06/18/2017 sermon by the Rev. David Andrews. Pray for the victims of domestic gun violence in our country but also pray for the shooters. Bullets fly and so do violent words. Pray for those shooting off their mouths and those who listen. And don’t just pray for them; learn to love them. Don’t laugh thinking it is impossible. Is anything too wonderful for the Lord?


06/04/2017 Pentecost Sunday sermon by the Rev. David Andrews. We can be at peace with our neighbors even when they are not at peace with us. They may persecute us, but we should not persecute them. We who have received the Spirit are called to take our place in a challenging world, one that may not be overjoyed to see us.


05/21/2017 sermon by the Rev. Emily Gibson. Jesus prepared his disciples. We can allow God to prepare us. We can open ourselves to the Holy Spirit. We can love and let ourselves be loved. We can invite others in. Forgive those who trespass. Encourage one another. Stand with and alongside your neighbor. Lend a hand. Lend our hearts. There is hope in God’s call to us.


05/14/2017 sermon by the Rev. David Andrews. This is a time of transition for our diocese, which now has five nominees for our next bishop. We all enjoy and suffer transitions, personally and collectively as churches, denominations, cities, countries, etc. The Episcopal Church is no exception. Our new archbishop Curry calls us to be more consciously a part of the Jesus Movement.


05/07/2017 Good Shepherd Sunday sermon by the Rev. David Andrews. Rowing is a team sport, each person moving their oar in perfect harmony with the others in the boat. We are all in the same boat, rowing towards a distant shore. Let us continue in the apostles’ teaching and fellowship, in the breaking of the bread, and in the prayers.


4/30/2017 The Third Sunday of Easter sermon by the Rev. Emily Gibson. After Jesus rose from the dead, his followers often did not recognize him at first. Even today, there are many things that cloud our vision so we do not recognize and welcome God’s grace in our lives.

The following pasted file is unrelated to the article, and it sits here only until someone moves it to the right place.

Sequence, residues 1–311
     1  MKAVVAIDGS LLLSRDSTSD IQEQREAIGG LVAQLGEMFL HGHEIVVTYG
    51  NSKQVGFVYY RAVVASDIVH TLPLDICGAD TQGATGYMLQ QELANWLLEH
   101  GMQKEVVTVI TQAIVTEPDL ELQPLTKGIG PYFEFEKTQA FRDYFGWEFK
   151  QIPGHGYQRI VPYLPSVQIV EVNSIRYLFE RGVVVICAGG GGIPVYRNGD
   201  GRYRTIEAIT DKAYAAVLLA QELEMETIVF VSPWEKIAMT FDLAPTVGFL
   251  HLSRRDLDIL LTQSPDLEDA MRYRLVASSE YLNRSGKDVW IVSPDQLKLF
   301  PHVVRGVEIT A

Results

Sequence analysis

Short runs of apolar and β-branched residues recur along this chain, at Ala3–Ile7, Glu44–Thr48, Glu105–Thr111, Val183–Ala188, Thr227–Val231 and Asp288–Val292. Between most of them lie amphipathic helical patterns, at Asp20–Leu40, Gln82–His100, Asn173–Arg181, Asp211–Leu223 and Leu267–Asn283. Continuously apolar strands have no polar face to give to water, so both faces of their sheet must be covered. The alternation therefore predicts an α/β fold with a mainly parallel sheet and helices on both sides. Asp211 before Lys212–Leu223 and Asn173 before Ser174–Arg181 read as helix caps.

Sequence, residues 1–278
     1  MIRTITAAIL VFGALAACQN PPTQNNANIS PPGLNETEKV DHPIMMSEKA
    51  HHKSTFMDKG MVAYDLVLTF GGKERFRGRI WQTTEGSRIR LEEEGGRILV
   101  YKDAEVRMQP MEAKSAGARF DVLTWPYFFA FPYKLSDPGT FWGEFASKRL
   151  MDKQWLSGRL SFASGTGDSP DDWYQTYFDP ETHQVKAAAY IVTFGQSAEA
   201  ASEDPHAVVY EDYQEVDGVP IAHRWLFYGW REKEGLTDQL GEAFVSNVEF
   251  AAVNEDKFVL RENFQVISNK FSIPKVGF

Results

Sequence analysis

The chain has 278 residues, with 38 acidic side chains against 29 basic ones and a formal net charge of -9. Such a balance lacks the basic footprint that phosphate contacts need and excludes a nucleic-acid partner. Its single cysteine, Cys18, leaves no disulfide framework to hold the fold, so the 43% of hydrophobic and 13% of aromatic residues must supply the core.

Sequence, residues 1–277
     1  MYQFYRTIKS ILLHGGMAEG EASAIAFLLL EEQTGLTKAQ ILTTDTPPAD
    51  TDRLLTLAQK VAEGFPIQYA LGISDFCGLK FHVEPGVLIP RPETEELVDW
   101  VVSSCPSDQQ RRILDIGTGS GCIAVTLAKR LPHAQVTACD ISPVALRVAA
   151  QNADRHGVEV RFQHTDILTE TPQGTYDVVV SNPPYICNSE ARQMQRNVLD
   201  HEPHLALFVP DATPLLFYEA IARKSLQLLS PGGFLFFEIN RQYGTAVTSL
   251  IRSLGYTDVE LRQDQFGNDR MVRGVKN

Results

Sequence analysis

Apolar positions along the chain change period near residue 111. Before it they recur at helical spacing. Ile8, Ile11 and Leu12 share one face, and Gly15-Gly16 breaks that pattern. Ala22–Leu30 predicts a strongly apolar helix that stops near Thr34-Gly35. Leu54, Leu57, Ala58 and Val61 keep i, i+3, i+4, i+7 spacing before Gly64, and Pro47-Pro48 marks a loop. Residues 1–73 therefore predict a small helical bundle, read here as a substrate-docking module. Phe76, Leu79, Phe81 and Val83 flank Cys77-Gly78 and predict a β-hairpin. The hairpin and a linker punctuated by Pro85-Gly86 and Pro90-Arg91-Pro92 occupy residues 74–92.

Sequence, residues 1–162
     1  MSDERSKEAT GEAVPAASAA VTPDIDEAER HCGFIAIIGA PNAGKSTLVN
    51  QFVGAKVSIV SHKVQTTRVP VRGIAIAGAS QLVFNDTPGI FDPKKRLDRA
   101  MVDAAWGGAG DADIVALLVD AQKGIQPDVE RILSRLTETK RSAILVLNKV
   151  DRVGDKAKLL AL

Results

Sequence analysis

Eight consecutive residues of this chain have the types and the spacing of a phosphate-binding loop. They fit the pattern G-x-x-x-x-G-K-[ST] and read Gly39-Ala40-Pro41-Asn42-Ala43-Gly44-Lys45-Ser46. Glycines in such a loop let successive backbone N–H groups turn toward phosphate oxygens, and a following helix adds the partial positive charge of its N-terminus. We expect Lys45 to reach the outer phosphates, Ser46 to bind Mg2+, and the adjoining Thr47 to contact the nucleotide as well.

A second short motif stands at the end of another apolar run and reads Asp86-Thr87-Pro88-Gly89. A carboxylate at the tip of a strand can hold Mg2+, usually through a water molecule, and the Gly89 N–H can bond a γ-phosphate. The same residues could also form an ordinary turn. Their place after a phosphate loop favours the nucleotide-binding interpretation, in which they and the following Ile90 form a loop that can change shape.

04/23/2017 The Second Sunday of Easter sermon by the Rev. David Andrews. We believe the Good News, even though we, unlike the disciples, have not met Jesus in the flesh. But we have been touched by the Spirit, and so believe that good is triumphant, and death is not the final word.


04/16/2017 Easter Sunday sermon by the Rev. David Andrews. The glorious resurrection of Jesus from the grave came after his torture and death. His disciples huddled in grief and fear. But that devastation changed to joy. Let us, too, suffer the ordeals that life gives us. Let us endure, confident that our troubles will end and we will be, once again, fearless and joyful. (Note: there is some static in this recording we were unable to eliminate; that is, there are still some weeds in the wheat.)


04/15/2017 The Great Vigil of Easter sermon by the Rev. David Andrews. Christ is risen! Hallelujah! This is the night when all who believe in Christ are delivered from the gloom of death and are restored to life. This is the night when Christ broke the bonds of death and hell and rose victorious from the grave. Light has been restored after a long period of darkness. Hallelujah!


04/09/2017 Palm Sunday sermon by the Rev. David Andrews. This Holy Week, ask yourself, “Who is Jesus?” A teacher, a faith healer, a prophet, the Messiah, the Son of God? Why did Jesus have to die? What is Jesus asking of you, for your life? Ask. Go deeper. Get to the bedrock of your soul. Of all the people who have parts in Jesus’s passion and death, with whom do you identify? Pray for them, and for yourself.


Kaamilah Diabate by Danny Schweers04/02/2017 sermon by guest preacher Kaamilah Diabate, MLK Jr. Communication Contest winner in 2016. Insights into what it means to be young and black some 50 years after Martin Luther King, Jr.’s “I Have A Dream” speech. Ms. Diabate is a high-school junior.


03/26/2017 The Fourth Sunday in Lent sermon by the Rev. David Andrews. We all experience rejection. It can be mean-spirited, even evil. It can be based on ignorance or prejudice. Or, it can simply be that others are better and so are chosen for the award, the team, or the job instead of us. How are we, as Christians, to deal with our feelings of anger, injustice, resentment, and hard feelings? Are those feelings to dominate our lives, or can we forgive and find joy?